That was exciting!
For a while it looked as if the peloton had misjudged the catch of the breakaway but the dreams of McNulty taking the race lead turned to heartbreak as he was swallowed up on the Hatta Dam climb itself.
Colbrelli shot out of the pack; beating a fast finishing Cort Nielsen into second who himself just edged out a surprisingly good Roosen who came home in third.
However, the time gaps were not as big as expected and the first 13 riders across the line were granted the same time. Consequently, that means Viviani still holds the lead going into the final day with Cort Nielsen 2 seconds back and Colbrelli 4 in arrears. Bouhanni is realistically the only other rider who can challenge as he is 8 seconds back but there are a few others within striker distance if something crazy happens.
Let’s take a look at what is in store for them.
The organisers have left the most technical of finishes this week until the final stage. Although saying that, we’re in Dubai so it isn’t that bad!
It will be interesting to see if the break survives for both of the intermediate sprints as the bonus seconds could be vital in the end for GC.
The main challenge the teams will face is two right-hand turn in the closing kilometres.
It is the exact same finish that we had last year so the riders should know what to expect. The first turn at 1.2km to go sees the road narrow down through the corner itself, before opening back up into several lanes again. However, the pace should be on at this point and I’d be surprised to see the peloton more than three riders wide.
From there, it is a sprint to the final right hand turn with roughly 400m to go.
Having a lead-out man in front of the sprinter is crucial so that they can push on and not leave the sprinter at the head of the peloton too early. That is kind of what happened last year and there was a bit of a stall as the guys at the front didn’t want to open up their effort too far out.
A strong train can certainly dominate this finale but they have to be careful of teams dive-bombing the closing 750m.
I think we’ve seen almost every sprinter here have some kind of reasonable run at the finish on the few stages they’ve had so far. The sprints themselves have been chaotic and different riders have looked strong/weak depending on the day and their luck with getting a clean sprint.
Tomorrow’s stage looks like the one that can be controlled well with the peloton naturally being strung out throw the turns. Yet, with the amount of sprinters interested then it could well become chaotic again.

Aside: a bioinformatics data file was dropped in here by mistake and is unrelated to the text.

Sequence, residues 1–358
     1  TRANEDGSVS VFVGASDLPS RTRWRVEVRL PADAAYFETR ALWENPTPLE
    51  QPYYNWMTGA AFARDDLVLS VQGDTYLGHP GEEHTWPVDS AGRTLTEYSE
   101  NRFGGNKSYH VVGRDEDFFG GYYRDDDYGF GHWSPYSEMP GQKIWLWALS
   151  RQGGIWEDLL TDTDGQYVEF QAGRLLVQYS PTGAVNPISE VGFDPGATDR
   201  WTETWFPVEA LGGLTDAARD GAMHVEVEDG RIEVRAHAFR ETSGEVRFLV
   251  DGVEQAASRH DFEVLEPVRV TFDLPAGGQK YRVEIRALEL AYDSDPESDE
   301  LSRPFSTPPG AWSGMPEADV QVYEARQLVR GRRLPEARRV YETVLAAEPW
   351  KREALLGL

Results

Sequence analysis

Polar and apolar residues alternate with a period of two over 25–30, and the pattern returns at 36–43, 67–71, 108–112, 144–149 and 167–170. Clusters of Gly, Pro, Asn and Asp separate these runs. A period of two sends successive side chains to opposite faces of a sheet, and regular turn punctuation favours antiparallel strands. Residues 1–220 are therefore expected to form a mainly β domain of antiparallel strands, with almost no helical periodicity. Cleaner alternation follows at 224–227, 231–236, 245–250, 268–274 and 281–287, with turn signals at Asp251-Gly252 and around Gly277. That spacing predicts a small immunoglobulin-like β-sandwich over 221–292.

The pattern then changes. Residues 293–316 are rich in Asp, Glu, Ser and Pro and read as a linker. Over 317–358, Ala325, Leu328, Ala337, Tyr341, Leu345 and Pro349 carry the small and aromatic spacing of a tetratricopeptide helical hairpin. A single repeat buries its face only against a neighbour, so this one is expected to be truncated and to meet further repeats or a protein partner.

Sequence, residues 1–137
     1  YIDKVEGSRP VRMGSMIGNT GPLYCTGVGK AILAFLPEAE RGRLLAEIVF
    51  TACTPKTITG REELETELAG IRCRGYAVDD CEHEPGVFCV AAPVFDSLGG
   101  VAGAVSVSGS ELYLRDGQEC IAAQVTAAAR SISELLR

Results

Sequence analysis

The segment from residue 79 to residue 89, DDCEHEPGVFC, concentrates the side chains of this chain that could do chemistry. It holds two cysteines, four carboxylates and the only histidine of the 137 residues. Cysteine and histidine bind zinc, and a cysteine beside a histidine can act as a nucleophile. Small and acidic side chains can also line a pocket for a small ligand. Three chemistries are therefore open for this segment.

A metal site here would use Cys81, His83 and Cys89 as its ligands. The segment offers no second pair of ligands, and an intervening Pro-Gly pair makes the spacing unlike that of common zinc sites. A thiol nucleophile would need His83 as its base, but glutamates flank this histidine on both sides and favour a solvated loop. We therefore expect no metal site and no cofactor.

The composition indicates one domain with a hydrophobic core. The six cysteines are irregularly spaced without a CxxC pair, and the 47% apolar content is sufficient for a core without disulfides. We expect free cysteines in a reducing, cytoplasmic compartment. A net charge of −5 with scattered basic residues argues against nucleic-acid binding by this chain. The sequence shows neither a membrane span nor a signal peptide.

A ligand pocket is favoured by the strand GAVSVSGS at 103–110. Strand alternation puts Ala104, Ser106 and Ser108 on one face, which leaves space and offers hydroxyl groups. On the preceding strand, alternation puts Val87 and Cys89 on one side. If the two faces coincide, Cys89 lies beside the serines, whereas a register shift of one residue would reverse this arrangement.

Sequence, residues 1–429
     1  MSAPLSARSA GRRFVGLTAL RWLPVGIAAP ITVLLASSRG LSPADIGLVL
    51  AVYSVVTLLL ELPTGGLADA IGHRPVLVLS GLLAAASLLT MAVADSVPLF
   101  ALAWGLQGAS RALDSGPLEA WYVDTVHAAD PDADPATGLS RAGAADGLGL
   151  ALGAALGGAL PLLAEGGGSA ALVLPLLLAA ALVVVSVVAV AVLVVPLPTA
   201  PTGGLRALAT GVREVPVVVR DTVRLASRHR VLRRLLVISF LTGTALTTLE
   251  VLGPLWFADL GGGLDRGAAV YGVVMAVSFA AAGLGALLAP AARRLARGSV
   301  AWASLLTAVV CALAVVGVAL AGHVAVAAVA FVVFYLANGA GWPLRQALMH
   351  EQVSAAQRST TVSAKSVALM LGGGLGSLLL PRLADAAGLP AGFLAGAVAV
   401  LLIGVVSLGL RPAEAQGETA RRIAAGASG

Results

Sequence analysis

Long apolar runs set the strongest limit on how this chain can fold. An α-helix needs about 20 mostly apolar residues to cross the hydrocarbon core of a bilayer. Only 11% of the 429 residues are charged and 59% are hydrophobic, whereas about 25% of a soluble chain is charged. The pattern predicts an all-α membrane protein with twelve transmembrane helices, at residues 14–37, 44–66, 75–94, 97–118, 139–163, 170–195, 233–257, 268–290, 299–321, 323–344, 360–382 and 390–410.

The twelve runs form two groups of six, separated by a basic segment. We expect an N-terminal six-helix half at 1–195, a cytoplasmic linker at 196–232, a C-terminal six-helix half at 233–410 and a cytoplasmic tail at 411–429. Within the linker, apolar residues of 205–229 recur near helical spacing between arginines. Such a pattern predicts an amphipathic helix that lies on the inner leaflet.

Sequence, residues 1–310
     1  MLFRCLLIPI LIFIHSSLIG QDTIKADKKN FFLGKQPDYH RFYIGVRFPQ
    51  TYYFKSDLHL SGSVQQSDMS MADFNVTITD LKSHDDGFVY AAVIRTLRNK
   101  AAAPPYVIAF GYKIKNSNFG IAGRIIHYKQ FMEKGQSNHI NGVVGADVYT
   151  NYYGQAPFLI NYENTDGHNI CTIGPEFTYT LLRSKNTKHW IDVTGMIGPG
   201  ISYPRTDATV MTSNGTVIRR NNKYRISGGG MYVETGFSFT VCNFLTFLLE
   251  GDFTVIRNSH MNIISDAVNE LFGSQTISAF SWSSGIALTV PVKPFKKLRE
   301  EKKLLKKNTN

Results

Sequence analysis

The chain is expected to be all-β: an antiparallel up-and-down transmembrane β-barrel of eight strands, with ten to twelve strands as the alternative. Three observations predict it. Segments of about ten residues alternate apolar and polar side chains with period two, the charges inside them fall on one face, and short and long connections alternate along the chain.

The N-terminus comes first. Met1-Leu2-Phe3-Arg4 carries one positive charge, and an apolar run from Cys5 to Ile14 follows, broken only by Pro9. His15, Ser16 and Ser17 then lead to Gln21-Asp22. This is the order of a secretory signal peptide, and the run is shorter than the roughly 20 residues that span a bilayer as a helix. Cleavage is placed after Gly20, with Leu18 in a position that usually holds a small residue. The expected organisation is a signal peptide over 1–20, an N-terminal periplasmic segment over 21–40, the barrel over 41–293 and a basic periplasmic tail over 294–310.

So without wanting to repeat and rehash what I have written on the first 3 days, I’m just going to skip the rest of the broad sprinter overview out.
I’ll give Kristoff another chance tomorrow.
He’s looked good throughout the race but he’s one of the riders who I think hasn’t managed to sprint at 100% yet; there has always been something hindering him. His performance on the Dam today was very impressive considering that he is one of the heavier sprinters here so the early season form is definitely there. Ganna and Consonni will have to arrive late with him and drop him on the wheel of the best lead-out (probably QS) but he certainly has every chance. One thing that might work in his favour is that he won’t be concerned with going for any intermediate sprint points as it is very unlikely he would win GC.
A stinker of a week so far but Viviani currently leads the GC which might salvage it and make it just a poor week. Unless of course big Alex steps up…
1pt EW Kristoff @ 28/1 (would take 20)
Also, Bet365 are offering a cash out on Viviani for 12pts off of the 3pts stake which I am tempted to take but that’s not my style. All or nothing!
Can’t wait for it to all go up in smoke tomorrow!
Thanks as always for reading! Apologies this is shorter than normal but I don’t think I’d enjoy writing a repeat run-down of the same sprinters and I’m sure you wouldn’t enjoy reading it. I might have an Il Laigueglia preview out tomorrow but don’t hold me to that. If not, I’ll be back with either Algarve or Andalucia, or maybe both. Anyway,
Those were My Two Spokes Worth.